It was not what Jef Jaeger expected to find.
Four months prior, the associate professor-in-residence in the School of Life Sciences had released tiny relict leopard frog tadpoles in a pond at the Springs Preserve. When Jaeger returned in the fall for a population count, he discovered the frogs had not just survived but thrived far beyond his projections.
“They were humongous,” he said. “We didn’t realize that they could grow that fast in the wild.”
Jaeger soon spotted the secret to the frog’s success: Africanized bees shared the same watering hole. “These little frogs, which are basically the size of a bee, were grabbing up these bees and eating them,” he said. “It was pretty cool to see.”
The odds that the relict leopard frog could survive at all were once extremely long. The species was thought to be extinct along the Virginia and Colorado rivers. But scientists rediscovered it in Lake Mead in 1991, and in 2001 a multiagency conservation team coordinated by UNLV coalesced around the frog’s cause. In the 18 years since, the team has spared the frogs from the federal endangered species list, bolstered its population, and kept management of the frogs in local hands.
“When we started, there were only about 1,100 adult frogs on the face of the earth,” Jaeger said. “We now have somewhere around 3,000 adult frogs on the landscape.”
The team has raised more than 20,000 tadpoles and juvenile frogs, which are released in batches about 20 times a year at 14 sites around southern Nevada and northern Arizona.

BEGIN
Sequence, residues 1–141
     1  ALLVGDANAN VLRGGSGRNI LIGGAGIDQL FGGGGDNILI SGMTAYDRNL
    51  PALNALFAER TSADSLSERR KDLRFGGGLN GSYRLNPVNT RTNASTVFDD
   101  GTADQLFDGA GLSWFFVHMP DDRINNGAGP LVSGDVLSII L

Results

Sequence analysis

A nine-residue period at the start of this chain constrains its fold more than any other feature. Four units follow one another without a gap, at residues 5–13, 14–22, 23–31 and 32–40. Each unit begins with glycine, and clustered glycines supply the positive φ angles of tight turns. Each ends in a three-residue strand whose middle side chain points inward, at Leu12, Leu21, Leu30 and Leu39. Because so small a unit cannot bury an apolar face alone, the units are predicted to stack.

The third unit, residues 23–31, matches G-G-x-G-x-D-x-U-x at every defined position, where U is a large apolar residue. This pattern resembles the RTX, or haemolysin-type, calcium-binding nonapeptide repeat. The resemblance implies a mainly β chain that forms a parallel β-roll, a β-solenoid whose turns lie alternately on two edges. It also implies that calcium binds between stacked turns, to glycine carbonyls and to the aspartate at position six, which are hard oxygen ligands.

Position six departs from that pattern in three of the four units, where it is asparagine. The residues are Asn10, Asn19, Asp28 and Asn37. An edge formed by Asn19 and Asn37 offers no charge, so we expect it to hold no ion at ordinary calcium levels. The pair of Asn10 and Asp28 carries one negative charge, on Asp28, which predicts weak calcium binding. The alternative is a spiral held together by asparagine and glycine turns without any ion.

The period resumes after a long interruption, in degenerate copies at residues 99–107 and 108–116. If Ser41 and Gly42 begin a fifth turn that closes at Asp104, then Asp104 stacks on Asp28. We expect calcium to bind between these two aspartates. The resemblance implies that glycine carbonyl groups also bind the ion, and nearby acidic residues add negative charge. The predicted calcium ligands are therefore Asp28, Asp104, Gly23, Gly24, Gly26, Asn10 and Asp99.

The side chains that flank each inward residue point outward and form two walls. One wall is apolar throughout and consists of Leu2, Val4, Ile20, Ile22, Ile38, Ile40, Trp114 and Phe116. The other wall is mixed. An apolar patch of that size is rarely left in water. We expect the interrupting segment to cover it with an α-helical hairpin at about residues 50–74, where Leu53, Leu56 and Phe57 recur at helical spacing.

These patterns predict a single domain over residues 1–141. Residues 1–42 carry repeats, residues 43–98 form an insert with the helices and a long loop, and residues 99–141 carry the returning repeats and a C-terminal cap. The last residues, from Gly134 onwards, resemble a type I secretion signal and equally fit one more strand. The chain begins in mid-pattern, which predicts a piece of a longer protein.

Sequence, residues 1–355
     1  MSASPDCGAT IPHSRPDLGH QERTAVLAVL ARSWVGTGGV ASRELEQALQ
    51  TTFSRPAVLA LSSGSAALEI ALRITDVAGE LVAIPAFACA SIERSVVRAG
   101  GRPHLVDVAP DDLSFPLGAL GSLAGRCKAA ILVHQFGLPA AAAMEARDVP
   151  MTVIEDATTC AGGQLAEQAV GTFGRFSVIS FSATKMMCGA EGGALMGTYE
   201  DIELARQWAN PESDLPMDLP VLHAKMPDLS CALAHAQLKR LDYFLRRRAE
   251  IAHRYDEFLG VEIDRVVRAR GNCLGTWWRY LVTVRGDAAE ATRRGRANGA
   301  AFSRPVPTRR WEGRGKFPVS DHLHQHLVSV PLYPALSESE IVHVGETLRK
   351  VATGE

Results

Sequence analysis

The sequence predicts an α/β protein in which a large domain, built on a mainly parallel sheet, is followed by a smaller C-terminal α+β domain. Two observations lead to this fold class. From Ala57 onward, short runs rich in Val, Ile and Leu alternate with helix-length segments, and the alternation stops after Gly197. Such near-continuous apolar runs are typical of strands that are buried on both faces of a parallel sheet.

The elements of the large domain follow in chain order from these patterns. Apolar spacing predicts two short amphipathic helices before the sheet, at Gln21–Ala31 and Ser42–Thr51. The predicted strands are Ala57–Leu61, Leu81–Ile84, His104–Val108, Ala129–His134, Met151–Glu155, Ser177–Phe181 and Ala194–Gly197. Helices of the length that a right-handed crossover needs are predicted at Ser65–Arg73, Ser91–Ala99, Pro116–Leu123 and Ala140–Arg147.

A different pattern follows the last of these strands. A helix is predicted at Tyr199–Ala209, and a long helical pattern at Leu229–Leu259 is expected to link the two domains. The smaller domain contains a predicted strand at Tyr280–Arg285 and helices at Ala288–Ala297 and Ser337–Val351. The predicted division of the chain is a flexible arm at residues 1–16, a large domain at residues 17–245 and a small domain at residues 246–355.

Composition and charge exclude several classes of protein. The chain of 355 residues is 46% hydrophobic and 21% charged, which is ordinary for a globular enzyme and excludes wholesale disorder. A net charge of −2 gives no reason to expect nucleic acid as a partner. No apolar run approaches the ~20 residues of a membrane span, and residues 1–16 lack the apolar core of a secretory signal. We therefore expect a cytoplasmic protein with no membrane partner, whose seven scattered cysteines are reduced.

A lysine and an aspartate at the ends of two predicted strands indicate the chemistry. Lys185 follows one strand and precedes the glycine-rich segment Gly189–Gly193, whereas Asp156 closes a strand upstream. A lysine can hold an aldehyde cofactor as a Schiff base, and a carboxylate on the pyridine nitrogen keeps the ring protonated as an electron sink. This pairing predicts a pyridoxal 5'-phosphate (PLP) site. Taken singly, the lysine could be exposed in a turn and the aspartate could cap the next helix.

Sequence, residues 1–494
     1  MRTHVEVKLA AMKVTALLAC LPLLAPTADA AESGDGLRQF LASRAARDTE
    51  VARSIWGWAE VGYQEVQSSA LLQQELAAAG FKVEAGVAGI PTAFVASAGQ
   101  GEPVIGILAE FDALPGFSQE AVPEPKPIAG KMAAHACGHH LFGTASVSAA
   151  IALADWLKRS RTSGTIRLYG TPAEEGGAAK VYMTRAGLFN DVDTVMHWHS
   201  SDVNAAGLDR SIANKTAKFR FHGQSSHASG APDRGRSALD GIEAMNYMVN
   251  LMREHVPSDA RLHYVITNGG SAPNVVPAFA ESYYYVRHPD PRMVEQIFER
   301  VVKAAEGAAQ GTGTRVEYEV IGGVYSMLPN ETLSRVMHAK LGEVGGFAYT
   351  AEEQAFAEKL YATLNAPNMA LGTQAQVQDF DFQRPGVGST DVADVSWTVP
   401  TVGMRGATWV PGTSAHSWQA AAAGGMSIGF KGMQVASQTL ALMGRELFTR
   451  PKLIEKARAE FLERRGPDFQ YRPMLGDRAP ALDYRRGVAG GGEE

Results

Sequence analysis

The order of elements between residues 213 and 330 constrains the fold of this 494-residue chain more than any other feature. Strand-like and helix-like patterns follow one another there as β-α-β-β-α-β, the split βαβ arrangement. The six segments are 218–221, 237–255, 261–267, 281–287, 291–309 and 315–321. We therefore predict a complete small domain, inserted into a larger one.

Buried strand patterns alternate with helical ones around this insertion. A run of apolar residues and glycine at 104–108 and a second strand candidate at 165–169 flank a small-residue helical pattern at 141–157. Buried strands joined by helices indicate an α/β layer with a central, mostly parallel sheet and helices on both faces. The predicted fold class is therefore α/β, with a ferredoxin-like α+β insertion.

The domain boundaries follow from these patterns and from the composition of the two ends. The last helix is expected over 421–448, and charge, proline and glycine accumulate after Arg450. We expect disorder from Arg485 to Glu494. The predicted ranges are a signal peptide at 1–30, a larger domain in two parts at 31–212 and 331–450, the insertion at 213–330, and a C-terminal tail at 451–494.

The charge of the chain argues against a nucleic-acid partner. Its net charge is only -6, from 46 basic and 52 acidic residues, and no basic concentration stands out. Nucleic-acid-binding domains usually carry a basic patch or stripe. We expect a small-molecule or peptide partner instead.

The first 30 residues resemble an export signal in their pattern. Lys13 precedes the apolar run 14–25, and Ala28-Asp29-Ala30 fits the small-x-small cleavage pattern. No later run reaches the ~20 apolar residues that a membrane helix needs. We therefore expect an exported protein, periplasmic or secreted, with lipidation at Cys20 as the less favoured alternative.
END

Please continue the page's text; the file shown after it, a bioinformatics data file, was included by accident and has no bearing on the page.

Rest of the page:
“It’s hard to find good translocation sites for these frogs,” Jaeger explains. “The sites where they existed historically are covered in lakes, modified substantially, or infested with crayfish, exotic fishes or the chytrid fungus, which is causing massive declines in amphibians worldwide. Where we do find new sites, they are generally small and isolated, which makes them susceptible to flash floods, temporary loss of water and trespassing cattle. These small populations are quite vulnerable.”
They have powerful agencies pulling for them. Jaeger coordinates the efforts of the conservation team, which includes the National Park Service, U.S. Bureau of Land Management, Southern Nevada Water Authority, U.S. Fish and Wildlife Service, Nevada Department of Wildlife and the Arizona Game & Fish Department.
That teamwork resulted in the frog remaining off the endangered species list when the U.S. Fish and Wildlife Service re-evaluated its status in 2016.
“They recognized that there is already in place a successful strategy,” Jaeger said. “The trajectory of the species has been positive over the past decade. By not being on the list, it has allowed us to maintain local control and avoid massive amounts of paperwork and red tape. We can be more flexible in our approach.”
A steady stream of undergraduate biology students, in both volunteer and paid positions, aid the agencies in that approach.
Rebeca Rivera joined the project in her junior year, nine years ago. Since then she has been serving as Jaeger’s research assistant. Together with graduate student Anthony Waddle, they’ve been working on new research on the devastating chytrid fungus. They’ve already published two papers with a third in the works.
“I’m learning all the time,” Rivera said. “Just by going out to the translocation sites, you can see how much the habitat has changed over the years. It’s amazing to watch them grow and transform from a little embryo to a tadpole and then gain their four limbs.To see them four months after we release them as these huge frogs, almost tripled in size, is a beautiful glimpse of life.”